Friday, March 4, 2016

Conceptual Frameworks in Research

One of the challenges that I have observed doctoral students facing is how to craft a conceptual framework to guide the research. I guess we should begin by talking about this: What exactly is a conceptual framework?

Perhaps the clearest definition comes from the classic Miles & Huberman (1994) who define it as a written or visual product that explains what is to be studied (factors, concepts, variables), and how these relate to one another.  (The classic text is now in its third edition, co-authored/updated by Saldana)

Maxwell (2013) expands that idea further, by indicating that it includes the ideas and beliefs that the researcher holds about what is being studied, whether those ideas are written down or merely assumptive. Read more from Maxwell in chapter 3 that is apparently freely available on the web from his book Qualitative Research Design: An Interactive Approach"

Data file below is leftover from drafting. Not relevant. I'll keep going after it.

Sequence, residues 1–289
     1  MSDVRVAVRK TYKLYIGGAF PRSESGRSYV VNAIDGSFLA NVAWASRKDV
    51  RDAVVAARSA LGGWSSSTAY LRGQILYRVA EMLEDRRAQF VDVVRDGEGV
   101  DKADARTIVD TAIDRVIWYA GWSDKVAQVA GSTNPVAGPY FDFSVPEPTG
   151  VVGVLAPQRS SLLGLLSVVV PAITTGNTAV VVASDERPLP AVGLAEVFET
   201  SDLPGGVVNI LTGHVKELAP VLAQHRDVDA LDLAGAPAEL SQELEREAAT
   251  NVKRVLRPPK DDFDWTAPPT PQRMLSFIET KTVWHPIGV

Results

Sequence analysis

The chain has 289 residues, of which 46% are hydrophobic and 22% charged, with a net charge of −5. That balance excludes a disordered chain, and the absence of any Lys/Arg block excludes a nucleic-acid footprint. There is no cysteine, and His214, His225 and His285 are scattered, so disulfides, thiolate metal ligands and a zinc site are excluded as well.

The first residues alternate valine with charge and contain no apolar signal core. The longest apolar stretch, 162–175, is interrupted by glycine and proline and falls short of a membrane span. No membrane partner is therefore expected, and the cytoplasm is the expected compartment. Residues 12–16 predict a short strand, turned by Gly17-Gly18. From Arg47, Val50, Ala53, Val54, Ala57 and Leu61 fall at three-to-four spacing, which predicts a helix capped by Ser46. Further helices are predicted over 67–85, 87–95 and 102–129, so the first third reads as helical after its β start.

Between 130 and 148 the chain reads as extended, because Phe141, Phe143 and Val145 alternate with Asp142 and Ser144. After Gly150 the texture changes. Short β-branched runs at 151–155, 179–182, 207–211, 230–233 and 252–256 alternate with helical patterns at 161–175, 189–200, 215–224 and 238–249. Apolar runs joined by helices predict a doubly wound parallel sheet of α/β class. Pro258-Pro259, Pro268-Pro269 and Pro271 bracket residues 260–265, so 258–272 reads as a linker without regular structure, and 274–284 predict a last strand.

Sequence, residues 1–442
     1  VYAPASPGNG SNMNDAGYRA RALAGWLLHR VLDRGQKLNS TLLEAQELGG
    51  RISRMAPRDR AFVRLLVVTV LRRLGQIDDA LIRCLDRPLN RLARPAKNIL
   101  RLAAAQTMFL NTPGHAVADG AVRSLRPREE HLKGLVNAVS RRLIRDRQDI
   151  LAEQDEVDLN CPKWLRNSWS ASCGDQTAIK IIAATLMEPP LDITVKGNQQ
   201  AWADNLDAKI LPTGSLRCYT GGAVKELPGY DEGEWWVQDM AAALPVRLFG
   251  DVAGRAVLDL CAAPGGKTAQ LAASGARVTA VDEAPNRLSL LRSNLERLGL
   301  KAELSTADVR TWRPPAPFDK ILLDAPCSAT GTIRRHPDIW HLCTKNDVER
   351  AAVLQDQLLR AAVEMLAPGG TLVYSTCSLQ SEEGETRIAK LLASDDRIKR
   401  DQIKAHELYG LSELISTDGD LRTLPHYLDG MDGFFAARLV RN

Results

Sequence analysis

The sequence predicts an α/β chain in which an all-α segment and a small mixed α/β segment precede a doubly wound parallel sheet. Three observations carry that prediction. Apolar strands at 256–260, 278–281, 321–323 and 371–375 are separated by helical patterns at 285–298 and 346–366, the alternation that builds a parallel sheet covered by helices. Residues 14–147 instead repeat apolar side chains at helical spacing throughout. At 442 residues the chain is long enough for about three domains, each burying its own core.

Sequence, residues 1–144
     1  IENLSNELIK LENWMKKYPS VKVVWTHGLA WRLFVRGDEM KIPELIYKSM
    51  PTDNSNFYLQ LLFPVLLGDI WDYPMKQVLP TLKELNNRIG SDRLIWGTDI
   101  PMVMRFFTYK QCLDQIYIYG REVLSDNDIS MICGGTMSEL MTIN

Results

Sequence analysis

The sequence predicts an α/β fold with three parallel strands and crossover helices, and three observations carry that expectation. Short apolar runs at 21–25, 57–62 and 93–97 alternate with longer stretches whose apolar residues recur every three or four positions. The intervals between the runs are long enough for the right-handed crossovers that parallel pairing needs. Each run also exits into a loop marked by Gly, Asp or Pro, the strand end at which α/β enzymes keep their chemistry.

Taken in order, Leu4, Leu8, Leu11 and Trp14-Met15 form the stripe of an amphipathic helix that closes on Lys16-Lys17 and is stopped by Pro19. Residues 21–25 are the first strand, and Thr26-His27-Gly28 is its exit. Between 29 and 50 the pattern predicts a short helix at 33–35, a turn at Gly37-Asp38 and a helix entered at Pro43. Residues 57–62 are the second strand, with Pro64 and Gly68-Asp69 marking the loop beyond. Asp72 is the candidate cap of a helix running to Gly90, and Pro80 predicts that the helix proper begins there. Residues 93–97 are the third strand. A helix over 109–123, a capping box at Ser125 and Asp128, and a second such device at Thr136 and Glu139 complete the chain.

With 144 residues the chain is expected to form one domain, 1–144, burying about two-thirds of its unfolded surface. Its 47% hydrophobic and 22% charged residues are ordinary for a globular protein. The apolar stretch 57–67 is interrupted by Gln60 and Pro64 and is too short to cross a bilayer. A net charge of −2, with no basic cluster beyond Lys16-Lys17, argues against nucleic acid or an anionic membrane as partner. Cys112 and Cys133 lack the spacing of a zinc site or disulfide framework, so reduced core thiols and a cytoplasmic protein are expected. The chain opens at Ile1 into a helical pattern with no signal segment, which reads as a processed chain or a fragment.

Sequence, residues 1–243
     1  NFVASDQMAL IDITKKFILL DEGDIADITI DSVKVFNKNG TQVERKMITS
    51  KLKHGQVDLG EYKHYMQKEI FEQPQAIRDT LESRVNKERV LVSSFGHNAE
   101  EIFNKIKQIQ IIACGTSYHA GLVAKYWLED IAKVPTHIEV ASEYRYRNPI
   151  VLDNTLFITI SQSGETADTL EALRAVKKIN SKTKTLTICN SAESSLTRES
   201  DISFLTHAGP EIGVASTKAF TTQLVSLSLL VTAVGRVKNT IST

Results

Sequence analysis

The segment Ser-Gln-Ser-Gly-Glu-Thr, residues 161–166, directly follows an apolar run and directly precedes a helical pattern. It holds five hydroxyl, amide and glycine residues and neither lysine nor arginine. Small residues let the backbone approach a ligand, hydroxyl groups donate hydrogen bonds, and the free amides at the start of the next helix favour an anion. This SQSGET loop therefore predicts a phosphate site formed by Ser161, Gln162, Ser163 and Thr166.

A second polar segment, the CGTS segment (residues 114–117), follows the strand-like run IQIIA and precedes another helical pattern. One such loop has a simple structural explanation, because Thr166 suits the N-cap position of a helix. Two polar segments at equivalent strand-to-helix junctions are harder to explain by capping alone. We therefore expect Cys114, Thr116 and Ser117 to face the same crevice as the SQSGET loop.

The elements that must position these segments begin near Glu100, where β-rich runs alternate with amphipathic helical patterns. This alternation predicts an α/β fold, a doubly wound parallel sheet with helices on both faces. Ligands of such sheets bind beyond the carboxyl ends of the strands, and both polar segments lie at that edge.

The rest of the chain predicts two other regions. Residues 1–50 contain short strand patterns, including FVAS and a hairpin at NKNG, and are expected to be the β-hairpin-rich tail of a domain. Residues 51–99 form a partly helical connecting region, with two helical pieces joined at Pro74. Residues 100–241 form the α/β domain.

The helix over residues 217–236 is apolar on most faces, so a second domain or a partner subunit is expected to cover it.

My favorite resource in understanding conceptual frameworks and how they guide research is Ravitch and Riggan's (2012) "Reason and Rigor", where they demonstrate the use not just in that introductory chapter of a dissertation or section of an article, but more so that conceptual frameworks impact the entire study.

Professor Marcus Weaver-Hightower of the University of North Dakota has a useful youtube video that further explains how conceptual frameworks should interact with the researcher's entire design, using Ravitch and Riggan's work as a source.

I hope you find this useful as you design your research. Whether your work is qualitative or quantitative, it is important to be clear about the conceptual framework that guides the entire enterprise.